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Above: MCR crane operator Tyson Seehagel, utilizing a 500-ton crane tested, the hoist weight of this collapsed CP rail girder at 144,000 pounds. After learning the girder could weigh up to 100 tons, the company called in Mammoet in Edmonton who sent their 500-ton crane to the scene the next morning. The two cranes worked together to lift and lower the wreckage within 24 hours. Both cranes needed 220,000 pounds of counterweight. MCR crane supervisor Jason Tymofichuk, left, gets briefed by a CP representative at the scene of a collapsed CP rail overpass in Lloydminster. MCR happened to have a 500-ton crane working at the ADM canola processing plant in town and got permission to respond the transportation emergency on Oct. 11.


PIPELINE NEWS November 2011

A7

More power the closer you get ◄ Page A6 “Your crane weighting is based on minimum boom, right tight to you. The bigger radius you get the less capacity you’re good for.” Mammoet dispatched their own 500 ton LTM 1400 crane to the scene with MCR hoisting on end of the fallen girder and Mammoet on the other to get the job done safely. “It’s not difficult to co-ordinate two cranes working together,” said Tymofichuk. “We picked it up and swung it out of the way, clear of the hole.” When the crushed semi with the excavator was towed away, the two cranes got back to work and swung the girder off to the far side of the road, set it down then loaded it onto a truck. Tymofichuk said the job was a challenge, “because of the fact you don’t know what your factors are – your weight and stuff ” including the tipping angle. “We were both running with 220,000 pounds of counterweight.” Lovecchio reports the bridge span was transported off site to the Edmonton area where will be repaired and returned, but that date is yet to be determined. “The highway will have to be closed again so the span can be reinstalled,” he said, noting CP owns the bridge and the concrete piers. “The full structure will be inspected prior to being brought back into service,” he added. Tymofichuk says the job was good PR for his company and he hopes to come back and do the reinstallation crane work. “That’s depending on how well they liked the job we did. That’s all we can hope for. One or two cranes will be used to put it back,” he said. “They say in two to three weeks it should be

ready to put back up. We should be able to do it ourselves without Mammoet. “We do have other cranes that can do what they were doing too, and we get can a lot closer to the bridge now that the hoe and everything is out of there.” Tymofichuk says the MCR crane is equipped with audible alarms when the lifting capacity is reached, but he calls them more of an aid than a failsafe device. “The number one thing that you deal with all the time is your load charts. They are printed off on paper,” he said. “The closer you get, the more lifting power you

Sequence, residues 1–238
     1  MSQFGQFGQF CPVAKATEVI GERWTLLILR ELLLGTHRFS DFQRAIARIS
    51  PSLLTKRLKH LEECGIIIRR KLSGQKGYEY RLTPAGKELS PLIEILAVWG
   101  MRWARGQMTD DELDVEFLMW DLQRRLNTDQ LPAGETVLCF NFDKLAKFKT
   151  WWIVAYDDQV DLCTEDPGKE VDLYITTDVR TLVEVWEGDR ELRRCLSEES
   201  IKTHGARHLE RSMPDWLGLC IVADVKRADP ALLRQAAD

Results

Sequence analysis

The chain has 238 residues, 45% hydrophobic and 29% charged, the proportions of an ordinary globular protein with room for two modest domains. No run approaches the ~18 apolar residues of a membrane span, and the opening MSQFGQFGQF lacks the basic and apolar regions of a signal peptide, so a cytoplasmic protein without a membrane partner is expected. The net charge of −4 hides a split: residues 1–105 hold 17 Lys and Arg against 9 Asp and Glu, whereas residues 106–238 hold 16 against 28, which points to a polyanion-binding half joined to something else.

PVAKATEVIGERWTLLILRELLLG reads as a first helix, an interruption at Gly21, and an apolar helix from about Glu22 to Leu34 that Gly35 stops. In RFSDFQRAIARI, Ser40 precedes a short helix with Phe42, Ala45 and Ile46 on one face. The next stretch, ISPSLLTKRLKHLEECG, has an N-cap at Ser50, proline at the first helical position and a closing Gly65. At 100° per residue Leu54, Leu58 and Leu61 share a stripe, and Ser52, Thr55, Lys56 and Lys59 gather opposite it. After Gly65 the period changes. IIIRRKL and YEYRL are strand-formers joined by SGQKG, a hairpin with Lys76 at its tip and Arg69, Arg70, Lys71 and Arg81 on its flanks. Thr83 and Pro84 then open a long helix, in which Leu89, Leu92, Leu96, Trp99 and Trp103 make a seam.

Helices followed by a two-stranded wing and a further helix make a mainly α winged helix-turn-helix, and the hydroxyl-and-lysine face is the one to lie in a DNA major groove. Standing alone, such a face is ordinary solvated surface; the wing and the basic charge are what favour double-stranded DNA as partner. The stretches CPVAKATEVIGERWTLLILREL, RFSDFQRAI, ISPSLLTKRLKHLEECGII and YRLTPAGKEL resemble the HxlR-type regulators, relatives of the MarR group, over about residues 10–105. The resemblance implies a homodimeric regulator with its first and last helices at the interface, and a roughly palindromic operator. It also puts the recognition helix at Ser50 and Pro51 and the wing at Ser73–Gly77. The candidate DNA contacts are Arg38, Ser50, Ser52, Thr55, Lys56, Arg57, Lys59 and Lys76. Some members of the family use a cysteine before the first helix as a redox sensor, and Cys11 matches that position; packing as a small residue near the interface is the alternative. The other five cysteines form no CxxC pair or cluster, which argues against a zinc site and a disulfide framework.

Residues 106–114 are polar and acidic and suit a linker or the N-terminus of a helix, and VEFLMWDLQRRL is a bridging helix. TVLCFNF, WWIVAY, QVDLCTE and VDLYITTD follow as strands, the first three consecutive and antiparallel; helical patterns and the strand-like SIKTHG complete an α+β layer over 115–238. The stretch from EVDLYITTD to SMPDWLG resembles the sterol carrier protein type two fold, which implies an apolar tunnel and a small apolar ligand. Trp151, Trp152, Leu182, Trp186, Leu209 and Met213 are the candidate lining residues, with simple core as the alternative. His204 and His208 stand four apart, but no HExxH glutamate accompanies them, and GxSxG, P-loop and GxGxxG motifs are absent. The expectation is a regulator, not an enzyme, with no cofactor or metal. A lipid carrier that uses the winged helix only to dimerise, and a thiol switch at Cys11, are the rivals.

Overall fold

have. The more boom that you sweep out, your charts decrease as well because there is that much more length. “There are certain attachments you can put on this crane. We have a device called a super lift which is a boom stiffener, which increases your charts as well.” The LTM 1400 is one of the largest cranes in the MCR fleet that includes carry deck cranes, crawler cranes, rough terrain hydraulic cranes and a variety of picker trucks. MCR also operates full crane services in Fort McMurray, Red Deer and their newest location in Bonnyville.

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PIPELINE NEWS November 2011

Mammoet responds to overpass collapse „ By Geoff Lee Edmonton – Mammoet is no stranger to Lloydminster where the heavy lifting and transport company regularly deploys a fleet of carry decks, crawlers and mobile cranes for Husky contract turnarounds and construction projects. The international company gained public recognition and praise from officials for its emergency work when they lifted and cleared a collapsed Canadian Pacific overpass girder on Highway 16 in Lloydminster. The company responded to the scene with a huge 500-ton LTM 1400 mobile hydraulic crane. Mammoet co-ordinated the 911 job with a similar LTM 1400 crane from Myshak Crane & Rigging in Edmonton to help re-open the highway 24 hours after a semi truck with an over height excavator struck and collapsed the bridge on Oct. 11. The crane work prompted a tour of Mammoet’s Western Canadian base in Edmonton where Rick Patterson, director of hydraulic cranes, explained why

Rick Patterson, director of hydraulic cranes guided a tour of Mammoet’s base of operations in Edmonton where this massive 500-ton LTM mobile hydraulic crane was sent to Lloydminster to assist with an emergency lift of a collapsed CP overpass girder weighing up to 100 tons. Based on its lifting capacity, the LTM was the right crane for the job.